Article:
YouTube, YouTube, YouTube! Particularly for specific construction details/techniques; you can usually find several different how-to videos for the same task (installing a zipper, flat-felled seams, etc.) and they usually compliment one another; everyone has their own little techniques or shortcuts and getting those multiple perspectives is super helpful.

Similarly, you can pick up a copy of the DK Complete Book of Sewing for only a few bucks - it's a helpful visual glossary for occasions when you're reading sparsely written pattern instructions that mention a technique you're not familiar with.

Machine-wise, I don't have any personal experience with them but I've heard consistently good things about entry-level Brother machines. I'd recommend starting with a new machine before looking at vintage ones; that way you'll get a good sense of how a machine should work so you can identify a viable vintage one in the wild. (I'm a huuuuge fan of old 100% mechanical solid metal machines. I started on a modern Kenmore-branded Janome but my workhorse these days is a 1950s Necchi BU Mira that I found for peanuts in a thrift shop. It's built like a tank, sews through anything, and it will easily outlive me.)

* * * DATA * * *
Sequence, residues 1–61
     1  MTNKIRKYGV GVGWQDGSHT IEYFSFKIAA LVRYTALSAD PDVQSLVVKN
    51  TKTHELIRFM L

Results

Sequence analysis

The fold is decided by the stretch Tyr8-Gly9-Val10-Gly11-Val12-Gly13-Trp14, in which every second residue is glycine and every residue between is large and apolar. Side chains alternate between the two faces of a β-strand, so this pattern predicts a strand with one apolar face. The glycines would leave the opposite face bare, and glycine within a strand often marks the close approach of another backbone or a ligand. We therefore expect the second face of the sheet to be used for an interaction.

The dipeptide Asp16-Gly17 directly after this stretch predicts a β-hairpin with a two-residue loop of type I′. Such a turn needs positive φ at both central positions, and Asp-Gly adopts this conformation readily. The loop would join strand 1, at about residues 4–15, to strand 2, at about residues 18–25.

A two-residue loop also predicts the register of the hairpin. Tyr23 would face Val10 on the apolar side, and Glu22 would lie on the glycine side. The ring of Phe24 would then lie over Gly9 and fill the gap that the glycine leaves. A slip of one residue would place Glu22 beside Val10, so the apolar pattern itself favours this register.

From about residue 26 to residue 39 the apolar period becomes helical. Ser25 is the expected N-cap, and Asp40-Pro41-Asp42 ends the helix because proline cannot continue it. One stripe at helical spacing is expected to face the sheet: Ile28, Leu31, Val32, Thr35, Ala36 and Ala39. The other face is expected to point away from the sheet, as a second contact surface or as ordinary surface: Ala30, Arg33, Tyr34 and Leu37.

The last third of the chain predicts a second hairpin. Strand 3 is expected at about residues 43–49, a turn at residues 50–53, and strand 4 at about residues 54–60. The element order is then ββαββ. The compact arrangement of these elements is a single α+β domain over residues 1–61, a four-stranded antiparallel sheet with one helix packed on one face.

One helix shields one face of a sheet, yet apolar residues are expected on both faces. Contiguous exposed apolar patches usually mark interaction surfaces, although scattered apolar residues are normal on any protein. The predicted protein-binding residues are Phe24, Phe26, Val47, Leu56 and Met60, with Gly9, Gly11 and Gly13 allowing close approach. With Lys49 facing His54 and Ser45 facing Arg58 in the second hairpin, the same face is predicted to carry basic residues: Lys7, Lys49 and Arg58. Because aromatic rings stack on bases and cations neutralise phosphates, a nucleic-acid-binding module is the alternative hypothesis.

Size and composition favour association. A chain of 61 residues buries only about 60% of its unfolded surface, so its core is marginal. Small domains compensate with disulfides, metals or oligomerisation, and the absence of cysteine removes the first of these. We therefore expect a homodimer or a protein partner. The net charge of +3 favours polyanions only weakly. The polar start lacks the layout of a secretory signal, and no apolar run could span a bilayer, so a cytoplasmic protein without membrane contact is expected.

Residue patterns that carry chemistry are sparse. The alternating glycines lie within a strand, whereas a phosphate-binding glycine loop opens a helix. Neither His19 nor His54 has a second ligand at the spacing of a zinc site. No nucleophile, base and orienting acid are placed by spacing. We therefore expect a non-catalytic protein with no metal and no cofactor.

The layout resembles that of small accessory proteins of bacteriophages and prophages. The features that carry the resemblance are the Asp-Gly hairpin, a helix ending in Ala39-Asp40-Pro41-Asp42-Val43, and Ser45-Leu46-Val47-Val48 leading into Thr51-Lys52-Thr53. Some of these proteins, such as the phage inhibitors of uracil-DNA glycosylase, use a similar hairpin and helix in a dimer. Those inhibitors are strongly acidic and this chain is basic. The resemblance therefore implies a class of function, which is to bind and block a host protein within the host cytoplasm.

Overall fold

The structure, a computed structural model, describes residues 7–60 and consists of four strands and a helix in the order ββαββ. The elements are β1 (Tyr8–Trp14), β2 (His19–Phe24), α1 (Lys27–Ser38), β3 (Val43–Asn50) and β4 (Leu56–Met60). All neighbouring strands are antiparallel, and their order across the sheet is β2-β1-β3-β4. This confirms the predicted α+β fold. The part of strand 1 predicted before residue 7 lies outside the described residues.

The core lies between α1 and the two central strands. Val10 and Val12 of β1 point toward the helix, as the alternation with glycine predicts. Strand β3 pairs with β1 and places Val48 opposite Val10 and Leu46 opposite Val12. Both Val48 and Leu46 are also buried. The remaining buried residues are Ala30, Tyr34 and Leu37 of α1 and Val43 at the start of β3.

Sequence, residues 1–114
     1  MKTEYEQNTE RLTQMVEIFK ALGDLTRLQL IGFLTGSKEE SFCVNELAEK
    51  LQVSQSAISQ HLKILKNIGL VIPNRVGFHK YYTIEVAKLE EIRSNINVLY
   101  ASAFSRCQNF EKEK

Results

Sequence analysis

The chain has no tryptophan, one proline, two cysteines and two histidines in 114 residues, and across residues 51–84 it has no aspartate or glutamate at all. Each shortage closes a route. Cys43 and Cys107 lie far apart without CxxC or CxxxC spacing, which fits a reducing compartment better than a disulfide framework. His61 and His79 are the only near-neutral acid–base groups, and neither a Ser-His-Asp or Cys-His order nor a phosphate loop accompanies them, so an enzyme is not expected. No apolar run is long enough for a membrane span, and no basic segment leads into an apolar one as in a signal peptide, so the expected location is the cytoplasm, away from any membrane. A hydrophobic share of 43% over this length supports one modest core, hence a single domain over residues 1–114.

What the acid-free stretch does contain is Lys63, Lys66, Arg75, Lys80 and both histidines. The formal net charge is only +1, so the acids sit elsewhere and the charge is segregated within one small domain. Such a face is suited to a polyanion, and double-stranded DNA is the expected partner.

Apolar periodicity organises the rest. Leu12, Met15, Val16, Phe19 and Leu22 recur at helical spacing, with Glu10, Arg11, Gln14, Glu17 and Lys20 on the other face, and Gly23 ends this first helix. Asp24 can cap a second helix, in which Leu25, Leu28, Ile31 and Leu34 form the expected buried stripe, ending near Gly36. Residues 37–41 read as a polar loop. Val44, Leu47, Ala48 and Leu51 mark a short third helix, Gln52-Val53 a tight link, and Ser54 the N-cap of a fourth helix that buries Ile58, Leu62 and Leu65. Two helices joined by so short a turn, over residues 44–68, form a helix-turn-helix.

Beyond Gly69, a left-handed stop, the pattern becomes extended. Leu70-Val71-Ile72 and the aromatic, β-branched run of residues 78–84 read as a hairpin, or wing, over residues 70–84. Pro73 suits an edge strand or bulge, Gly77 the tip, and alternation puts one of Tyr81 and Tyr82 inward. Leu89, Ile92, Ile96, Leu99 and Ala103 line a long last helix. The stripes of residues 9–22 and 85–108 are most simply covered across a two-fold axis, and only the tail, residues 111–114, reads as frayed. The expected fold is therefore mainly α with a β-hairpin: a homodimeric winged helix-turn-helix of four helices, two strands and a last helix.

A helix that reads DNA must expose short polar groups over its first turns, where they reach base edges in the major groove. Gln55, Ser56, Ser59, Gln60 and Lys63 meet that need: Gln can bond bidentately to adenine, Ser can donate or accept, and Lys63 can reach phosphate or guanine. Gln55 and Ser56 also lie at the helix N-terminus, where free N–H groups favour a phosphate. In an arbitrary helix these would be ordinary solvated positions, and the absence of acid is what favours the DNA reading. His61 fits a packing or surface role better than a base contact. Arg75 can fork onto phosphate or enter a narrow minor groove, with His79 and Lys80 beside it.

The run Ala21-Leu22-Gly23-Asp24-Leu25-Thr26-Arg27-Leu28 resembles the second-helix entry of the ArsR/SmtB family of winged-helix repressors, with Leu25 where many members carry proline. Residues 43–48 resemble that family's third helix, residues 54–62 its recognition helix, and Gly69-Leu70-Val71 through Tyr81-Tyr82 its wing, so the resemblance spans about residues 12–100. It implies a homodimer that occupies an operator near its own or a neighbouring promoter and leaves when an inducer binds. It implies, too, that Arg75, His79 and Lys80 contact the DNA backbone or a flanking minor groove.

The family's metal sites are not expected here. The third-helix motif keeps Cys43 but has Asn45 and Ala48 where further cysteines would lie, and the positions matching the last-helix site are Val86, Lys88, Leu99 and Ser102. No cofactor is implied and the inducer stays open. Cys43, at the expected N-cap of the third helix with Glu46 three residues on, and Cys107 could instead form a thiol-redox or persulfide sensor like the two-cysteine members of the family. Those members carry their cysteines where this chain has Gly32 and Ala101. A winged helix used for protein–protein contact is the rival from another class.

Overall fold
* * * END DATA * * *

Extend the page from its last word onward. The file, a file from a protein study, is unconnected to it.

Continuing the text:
As has already been mentioned, Jo-Ann isn't great for garment fabrics BUT they are ubiquitous, and once in a while they'll have an odd bolt of something quite nice along side their usual rotation. (Always check the 'red tag' clearance section... I've had good surprises there as well.) They have pretty regular "Big Four" pattern sales (Simplicity 5/$5.00, Vogue $4.99 each, etc.) and with the aforementioned coupons and constant sales there's basically no reason to ever pay full price for anything there.
posted by Funeral march of an old jawbone at 9:25 AM on July 7, 2017


« Older First-person account of near-drowning in S. Sierra...   |   How do I give my friend $ successfully? Newer »
This thread is closed to new comments.